We spent the last couple days talking about musical declarations of love for Jesus. I wondered whether some of those songs are appropriate for a public setting. It wasn’t until the very end of a two-part article that we got around to what the Bible says love for God should look like:

Hear, O Israel: The LORD our God is one LORD:
And thou shalt love the LORD thy God with all thine heart, and with all thy soul, and with all thy might.
(Deuteronomy 6:4-5)

OK, we should love God, but how is that accomplished? The Bible makes it clear that obedience is man’s response to God’s love:

If you love me, keep my commandments. (John 14:15)

***

In the books of Moses (Genesis through Deuteronomy) God models a very important axiom of true love: Show, then Tell.

We are not aware that he is modeling this axiom until we get all the way to Deuteronomy 4:37:
And because He loved your fathers, therefore He chose their descendants after them; and He brought you out of Egypt with His Presence, with His mighty power.

Deuteronomy 4:37 is the first time in the Bible that God tells anybody he loved them. But he has demonstrated it from the first verse in Genesis.  We would do well to emulate God by letting our obedience demonstrate our love for him. Whether or not we ever get around to saying ‘love’ is very nearly immaterial.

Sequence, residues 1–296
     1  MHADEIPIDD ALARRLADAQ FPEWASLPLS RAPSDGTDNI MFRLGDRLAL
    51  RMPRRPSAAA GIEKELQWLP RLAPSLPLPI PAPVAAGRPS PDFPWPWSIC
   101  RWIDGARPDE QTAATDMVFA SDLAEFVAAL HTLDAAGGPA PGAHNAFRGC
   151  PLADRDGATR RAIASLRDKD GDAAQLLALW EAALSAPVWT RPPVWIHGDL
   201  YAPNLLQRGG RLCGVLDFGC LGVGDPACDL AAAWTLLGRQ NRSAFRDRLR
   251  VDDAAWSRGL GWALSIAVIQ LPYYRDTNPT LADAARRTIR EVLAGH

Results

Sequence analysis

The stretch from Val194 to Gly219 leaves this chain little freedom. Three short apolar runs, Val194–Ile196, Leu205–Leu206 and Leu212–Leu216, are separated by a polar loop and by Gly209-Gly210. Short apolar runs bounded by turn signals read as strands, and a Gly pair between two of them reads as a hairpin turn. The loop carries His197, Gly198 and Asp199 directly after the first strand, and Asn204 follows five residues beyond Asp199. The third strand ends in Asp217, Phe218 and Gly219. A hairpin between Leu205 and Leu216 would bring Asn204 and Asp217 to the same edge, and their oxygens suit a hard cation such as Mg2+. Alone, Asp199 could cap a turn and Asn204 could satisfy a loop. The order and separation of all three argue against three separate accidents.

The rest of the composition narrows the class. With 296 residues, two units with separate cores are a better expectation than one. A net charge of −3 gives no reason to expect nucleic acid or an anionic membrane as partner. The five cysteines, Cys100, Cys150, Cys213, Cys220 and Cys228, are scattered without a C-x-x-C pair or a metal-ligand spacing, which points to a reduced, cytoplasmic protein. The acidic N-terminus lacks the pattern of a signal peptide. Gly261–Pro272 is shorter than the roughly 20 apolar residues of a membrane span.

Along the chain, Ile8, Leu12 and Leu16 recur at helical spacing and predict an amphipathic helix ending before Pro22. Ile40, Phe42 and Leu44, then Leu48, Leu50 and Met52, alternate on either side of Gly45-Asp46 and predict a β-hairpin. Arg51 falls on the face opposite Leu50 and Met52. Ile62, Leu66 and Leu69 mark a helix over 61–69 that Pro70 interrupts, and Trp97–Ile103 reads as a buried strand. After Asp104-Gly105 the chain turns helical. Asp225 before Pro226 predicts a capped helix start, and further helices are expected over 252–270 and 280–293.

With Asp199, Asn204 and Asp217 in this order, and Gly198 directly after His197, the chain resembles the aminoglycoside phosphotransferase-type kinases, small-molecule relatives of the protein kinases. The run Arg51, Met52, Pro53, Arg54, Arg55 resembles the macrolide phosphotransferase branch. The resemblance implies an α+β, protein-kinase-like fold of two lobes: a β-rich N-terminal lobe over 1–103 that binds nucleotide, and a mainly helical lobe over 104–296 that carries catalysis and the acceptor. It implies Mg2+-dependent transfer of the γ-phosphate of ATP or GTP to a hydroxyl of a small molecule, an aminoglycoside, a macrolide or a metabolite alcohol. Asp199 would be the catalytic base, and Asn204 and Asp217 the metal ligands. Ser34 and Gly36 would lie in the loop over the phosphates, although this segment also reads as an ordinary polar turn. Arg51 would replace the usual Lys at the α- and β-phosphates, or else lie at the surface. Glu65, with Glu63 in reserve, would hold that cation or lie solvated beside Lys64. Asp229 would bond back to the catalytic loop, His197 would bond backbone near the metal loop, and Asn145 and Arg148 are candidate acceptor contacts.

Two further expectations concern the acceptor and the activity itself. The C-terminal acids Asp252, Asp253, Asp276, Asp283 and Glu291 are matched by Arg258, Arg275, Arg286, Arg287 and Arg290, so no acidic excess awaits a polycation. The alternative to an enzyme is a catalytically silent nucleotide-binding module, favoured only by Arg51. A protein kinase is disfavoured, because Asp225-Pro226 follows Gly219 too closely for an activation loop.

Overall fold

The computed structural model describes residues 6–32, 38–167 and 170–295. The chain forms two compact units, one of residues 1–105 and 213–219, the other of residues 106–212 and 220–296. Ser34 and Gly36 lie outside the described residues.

In the great book of Psalms, which is the Bible’s collection of worship songs, I was able to locate just two verses where the Psalmist tells God that he loves Him. Here they are:

I love you, O LORD, my strength. (Psalm 18:1)

I love the LORD, for he heard my voice; he heard my cry for mercy. (Psalm 116:1)

Sometimes I can’t help but wonder, as we proclaim our lavish love for God every Sunday, whether our protestations of love are, as they should be, the exclamation point following a week of obedience.

If the Bride of Christ has not first demonstrated love by her obedience, then her ‘love’ is just a word that was never made flesh.

Sometimes I get the feeling, as we sing our ardent love songs to Jesus, that the Lady doth protest too much.